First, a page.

Rio grande Cottonwood / Alamo

(Populus deltoides wizlizenii)

Cottonwoods reproduce dioeciously, which means that male and female flowers on found on separate trees. Male trees produce reddish catkins (or string of flowers) that pollinate the greenish catkins on female trees. The latter matures into a drooping series of seedpods, which eventually burst open and release “cotton” (in Spanish, algodones). These are the seeds of the next generation of cottonwoods, floating on slender white fibers. Cottonwoods grow up to 100 feet tall, but only near an abundant source of water. A grove of cottonwoods growing along the Rio Grande is called a bosque—which means ‘woods’ in Spanish. Soft and easily carved, cottonwood was the preferred material for making certain religious articles used in Pueblo ceremonies.

 Sand SagebrusH /Artemisa de arena

(Artemisia filifolia)

Sand Sagebrush grows up to three feet tall and has gray threadlike leaves. It is highly aromatic due to the concentration of oils—including camphor—found in its foliage. The principal use of sagebrush was medicinal.

 Scorpionweed

(Phacielia corrugata)

Scorpionweed is so-called because its very distinctive flower heads remind some observers of a curled scorpion’s tail. The flowers are purplish. This plant prefers the disturbed soils nearer the building and blooms from May to September.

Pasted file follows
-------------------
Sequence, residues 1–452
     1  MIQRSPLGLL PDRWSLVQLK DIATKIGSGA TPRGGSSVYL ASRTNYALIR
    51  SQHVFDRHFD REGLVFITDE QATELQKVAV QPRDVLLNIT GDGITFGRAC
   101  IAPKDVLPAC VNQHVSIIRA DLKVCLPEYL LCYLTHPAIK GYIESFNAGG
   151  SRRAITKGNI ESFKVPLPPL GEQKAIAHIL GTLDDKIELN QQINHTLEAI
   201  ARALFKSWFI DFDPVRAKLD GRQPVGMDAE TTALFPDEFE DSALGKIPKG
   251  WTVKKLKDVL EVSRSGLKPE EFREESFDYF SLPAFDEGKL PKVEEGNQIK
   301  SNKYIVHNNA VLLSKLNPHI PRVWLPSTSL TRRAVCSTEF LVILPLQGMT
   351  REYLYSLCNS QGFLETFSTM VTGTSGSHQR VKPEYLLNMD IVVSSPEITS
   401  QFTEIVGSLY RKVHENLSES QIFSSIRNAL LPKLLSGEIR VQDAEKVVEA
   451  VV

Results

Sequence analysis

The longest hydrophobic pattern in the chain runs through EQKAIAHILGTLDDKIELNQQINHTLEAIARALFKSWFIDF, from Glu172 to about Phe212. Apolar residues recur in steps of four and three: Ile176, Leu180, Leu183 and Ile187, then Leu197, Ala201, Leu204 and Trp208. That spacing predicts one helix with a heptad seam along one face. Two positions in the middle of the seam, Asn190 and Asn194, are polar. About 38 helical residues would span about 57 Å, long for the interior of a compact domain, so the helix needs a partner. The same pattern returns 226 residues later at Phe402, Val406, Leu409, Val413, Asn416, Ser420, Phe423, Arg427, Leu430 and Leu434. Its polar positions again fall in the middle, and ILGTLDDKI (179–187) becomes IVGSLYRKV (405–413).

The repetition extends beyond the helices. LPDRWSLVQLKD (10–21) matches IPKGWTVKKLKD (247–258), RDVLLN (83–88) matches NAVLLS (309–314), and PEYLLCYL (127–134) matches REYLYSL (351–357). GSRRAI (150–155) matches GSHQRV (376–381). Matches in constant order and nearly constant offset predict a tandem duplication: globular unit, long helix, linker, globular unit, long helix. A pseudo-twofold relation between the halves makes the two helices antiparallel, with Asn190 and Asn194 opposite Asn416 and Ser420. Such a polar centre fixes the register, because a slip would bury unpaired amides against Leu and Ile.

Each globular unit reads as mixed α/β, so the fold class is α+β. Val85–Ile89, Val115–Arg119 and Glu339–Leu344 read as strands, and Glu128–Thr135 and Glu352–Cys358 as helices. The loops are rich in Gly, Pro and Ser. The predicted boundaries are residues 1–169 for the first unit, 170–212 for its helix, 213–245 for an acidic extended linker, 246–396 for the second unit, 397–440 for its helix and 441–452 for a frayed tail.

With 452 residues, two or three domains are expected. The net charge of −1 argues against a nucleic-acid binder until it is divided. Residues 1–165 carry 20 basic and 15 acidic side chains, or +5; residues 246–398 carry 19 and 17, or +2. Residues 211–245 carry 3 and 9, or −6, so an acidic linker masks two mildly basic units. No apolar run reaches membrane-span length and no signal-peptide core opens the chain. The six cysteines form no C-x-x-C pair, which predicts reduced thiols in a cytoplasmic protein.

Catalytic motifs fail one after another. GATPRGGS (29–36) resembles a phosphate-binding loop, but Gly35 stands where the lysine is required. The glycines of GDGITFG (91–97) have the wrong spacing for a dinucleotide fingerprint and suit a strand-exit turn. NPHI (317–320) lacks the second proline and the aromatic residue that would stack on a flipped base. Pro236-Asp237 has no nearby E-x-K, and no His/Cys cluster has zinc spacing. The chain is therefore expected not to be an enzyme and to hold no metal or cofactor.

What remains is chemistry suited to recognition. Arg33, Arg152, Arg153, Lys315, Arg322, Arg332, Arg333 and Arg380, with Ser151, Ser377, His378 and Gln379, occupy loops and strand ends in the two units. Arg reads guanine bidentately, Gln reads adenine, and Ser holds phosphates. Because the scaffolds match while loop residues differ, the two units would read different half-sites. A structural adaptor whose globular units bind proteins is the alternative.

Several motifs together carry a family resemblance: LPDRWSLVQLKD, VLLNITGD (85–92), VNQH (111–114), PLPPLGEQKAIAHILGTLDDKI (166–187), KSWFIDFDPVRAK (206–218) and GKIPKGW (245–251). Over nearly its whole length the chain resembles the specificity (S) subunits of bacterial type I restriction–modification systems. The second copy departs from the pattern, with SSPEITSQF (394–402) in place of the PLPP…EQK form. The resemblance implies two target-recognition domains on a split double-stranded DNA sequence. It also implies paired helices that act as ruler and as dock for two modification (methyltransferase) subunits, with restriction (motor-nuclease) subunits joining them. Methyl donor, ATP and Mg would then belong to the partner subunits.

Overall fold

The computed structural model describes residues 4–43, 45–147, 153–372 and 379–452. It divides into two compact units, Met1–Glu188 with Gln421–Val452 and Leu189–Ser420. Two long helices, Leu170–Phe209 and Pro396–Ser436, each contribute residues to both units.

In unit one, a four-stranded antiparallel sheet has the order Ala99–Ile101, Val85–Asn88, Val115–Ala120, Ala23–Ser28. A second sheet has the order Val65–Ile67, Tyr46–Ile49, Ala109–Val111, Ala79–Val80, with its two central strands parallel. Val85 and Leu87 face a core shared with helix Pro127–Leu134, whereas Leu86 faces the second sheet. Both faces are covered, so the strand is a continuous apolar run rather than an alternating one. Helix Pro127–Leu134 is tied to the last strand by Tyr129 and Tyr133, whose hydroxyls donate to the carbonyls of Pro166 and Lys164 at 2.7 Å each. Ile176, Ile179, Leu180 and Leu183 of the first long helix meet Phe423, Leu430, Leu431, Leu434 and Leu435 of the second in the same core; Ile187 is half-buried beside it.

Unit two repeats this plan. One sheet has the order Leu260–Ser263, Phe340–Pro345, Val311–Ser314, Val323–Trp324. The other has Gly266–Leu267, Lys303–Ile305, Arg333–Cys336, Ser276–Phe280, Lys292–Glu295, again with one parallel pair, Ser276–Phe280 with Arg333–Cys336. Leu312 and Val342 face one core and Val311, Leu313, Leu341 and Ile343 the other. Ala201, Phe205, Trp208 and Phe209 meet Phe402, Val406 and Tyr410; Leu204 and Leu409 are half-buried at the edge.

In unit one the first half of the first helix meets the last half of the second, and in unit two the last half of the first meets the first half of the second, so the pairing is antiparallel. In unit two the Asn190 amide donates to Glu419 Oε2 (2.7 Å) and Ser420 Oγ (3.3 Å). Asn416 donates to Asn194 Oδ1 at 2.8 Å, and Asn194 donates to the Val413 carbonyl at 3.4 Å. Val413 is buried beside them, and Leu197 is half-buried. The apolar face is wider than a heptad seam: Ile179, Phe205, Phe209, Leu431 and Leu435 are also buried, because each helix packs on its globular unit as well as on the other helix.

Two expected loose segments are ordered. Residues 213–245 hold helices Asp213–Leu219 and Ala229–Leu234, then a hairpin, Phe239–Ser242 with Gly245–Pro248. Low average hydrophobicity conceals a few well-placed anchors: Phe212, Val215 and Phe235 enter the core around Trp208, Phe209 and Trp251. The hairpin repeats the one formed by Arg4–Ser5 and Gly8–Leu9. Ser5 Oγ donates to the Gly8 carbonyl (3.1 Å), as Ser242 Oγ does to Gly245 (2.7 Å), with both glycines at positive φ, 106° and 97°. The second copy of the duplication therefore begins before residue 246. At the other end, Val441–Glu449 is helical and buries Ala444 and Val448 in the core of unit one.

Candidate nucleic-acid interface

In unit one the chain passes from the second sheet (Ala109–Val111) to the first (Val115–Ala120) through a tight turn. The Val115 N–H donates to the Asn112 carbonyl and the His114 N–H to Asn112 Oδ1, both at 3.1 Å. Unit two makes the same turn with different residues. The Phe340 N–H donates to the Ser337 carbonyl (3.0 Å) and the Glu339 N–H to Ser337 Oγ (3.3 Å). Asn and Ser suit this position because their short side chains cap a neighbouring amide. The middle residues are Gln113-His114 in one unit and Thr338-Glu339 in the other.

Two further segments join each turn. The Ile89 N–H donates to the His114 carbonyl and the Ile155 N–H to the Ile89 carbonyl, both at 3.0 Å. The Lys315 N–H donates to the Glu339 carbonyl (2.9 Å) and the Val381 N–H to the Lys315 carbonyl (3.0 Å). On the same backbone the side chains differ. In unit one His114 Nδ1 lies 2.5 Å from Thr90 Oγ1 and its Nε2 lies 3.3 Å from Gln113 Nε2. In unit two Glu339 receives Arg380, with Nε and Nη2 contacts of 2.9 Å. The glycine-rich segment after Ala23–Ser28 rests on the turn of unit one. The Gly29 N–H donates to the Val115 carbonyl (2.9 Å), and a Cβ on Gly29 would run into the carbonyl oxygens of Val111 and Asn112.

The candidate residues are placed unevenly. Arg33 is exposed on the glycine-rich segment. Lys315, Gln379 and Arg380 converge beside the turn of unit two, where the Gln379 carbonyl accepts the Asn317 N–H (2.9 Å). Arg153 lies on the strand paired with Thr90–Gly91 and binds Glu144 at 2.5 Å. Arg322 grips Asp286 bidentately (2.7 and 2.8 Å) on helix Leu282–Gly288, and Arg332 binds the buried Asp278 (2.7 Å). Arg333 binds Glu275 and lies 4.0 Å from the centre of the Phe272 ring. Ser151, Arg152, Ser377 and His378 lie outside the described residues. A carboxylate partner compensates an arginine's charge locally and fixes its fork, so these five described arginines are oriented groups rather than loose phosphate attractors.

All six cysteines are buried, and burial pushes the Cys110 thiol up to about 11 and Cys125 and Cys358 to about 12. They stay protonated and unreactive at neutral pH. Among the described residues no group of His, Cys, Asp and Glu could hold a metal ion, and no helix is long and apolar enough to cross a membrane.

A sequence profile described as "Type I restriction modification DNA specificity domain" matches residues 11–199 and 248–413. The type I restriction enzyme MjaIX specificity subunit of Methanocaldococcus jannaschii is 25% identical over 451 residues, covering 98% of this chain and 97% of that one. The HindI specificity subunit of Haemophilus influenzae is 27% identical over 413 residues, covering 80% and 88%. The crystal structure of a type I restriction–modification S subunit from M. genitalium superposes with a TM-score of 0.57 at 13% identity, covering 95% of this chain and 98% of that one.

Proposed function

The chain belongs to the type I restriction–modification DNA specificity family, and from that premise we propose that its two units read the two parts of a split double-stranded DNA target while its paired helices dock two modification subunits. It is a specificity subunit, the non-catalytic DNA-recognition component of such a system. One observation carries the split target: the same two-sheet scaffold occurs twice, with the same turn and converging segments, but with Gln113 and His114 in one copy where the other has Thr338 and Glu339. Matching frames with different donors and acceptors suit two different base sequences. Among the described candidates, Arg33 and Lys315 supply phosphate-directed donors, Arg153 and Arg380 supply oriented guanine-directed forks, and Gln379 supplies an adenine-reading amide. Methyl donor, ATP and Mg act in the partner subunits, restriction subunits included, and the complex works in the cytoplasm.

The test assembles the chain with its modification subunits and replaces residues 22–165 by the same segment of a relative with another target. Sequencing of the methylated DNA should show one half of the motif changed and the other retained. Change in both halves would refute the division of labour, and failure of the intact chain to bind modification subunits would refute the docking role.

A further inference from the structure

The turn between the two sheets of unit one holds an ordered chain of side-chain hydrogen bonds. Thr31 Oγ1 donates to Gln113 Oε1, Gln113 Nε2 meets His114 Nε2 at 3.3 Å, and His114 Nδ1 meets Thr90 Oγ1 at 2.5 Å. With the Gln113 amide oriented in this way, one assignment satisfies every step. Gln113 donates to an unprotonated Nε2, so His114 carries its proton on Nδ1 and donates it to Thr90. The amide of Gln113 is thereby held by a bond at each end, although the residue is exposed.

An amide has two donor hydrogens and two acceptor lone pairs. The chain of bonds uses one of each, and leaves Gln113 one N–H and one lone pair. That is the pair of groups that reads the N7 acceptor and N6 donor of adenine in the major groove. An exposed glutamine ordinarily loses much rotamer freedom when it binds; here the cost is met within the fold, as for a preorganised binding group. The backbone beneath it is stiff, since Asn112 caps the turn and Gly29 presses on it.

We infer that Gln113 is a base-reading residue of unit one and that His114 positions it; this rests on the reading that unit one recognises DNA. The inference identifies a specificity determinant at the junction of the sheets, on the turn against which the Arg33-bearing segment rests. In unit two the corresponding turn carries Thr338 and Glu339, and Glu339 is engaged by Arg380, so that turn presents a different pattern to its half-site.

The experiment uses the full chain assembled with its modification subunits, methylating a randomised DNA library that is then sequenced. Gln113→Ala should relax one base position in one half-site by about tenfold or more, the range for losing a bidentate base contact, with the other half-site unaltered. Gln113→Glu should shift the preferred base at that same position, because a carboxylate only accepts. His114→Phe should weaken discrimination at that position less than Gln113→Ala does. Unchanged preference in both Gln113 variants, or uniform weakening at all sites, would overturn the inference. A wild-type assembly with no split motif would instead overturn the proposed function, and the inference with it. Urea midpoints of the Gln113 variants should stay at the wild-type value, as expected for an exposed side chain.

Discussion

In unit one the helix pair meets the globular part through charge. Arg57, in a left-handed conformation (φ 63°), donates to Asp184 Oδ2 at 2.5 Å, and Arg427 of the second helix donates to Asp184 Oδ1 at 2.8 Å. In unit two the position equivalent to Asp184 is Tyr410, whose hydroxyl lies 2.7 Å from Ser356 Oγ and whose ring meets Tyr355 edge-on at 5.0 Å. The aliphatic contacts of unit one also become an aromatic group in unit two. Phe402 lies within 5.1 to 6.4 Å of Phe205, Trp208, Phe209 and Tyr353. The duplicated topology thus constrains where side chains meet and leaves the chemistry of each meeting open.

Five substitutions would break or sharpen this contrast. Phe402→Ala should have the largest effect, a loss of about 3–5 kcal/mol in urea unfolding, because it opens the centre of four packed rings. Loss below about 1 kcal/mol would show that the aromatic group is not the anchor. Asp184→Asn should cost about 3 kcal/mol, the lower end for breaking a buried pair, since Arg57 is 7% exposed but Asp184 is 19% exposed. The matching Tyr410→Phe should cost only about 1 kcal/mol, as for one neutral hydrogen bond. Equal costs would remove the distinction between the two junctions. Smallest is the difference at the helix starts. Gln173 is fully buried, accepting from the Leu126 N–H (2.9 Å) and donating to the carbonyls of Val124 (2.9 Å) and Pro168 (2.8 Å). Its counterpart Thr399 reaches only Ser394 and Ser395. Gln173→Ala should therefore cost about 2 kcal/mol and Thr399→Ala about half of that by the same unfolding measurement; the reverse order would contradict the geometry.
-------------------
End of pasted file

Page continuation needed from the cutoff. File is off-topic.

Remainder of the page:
Soaptree Yucca / Yuca de izote

(Yucca elata)

A slender-leafed yucca with a definite trunk six to fifteen-feet tall. The yucca is the state flower of New Mexico. In the spring it sends up a tall stalk, with white flowers clustered at the top. High in saponins, yucca root is a good source of soap and shampoo. Yucca leaves could be used to make rope, shoes and baskets.

 skunkbush / threeleaf sumac

(Rhus trilobata)

A rounded shrub that grows up to six feet high. Small yellow flowers appear in clusters along the branchlets in early spring, before leaves appear. Leaves are in threes and each leaflet is toothed. The berry-like fruit is less than a half-inch in diameter, orange to red in color. Also known as lemonade bush, when crushed the berry tastes like lemons. It was used to season stews and beverages.

Tree Cholla

(Cylindropuntia imbricata)

Tree chollla is a type of cactus. It grows up to eight feet high. It has spiny cylindrical joints and stems—no leaves. Its trunk is short and soon branches and re-branches into candelabra-like profusions. Red purple blossoms appear in late spring and early summer and mature into dry, yellow, lumpy fruits. Like it near relative prickly pear, nearly the entire plant can be eaten once the sharp spines are removed. But cholla was only eaten during famines. Despite the spines, several birds—including curved-bill thrashers—commonly build their nests in this cactus.

WOlfberry / Tomatilla

(Lycium pallidum)

A spiny, “scraggly” shrub, growing up to three feet tall. This plant blooms inconspicuously in early to mid-May; the flowers are about 1”-long, creamy green, and funnel-shaped. These mature into small red berries, each resembling a miniature tomato. These berries are edible and were made into a sort of jam.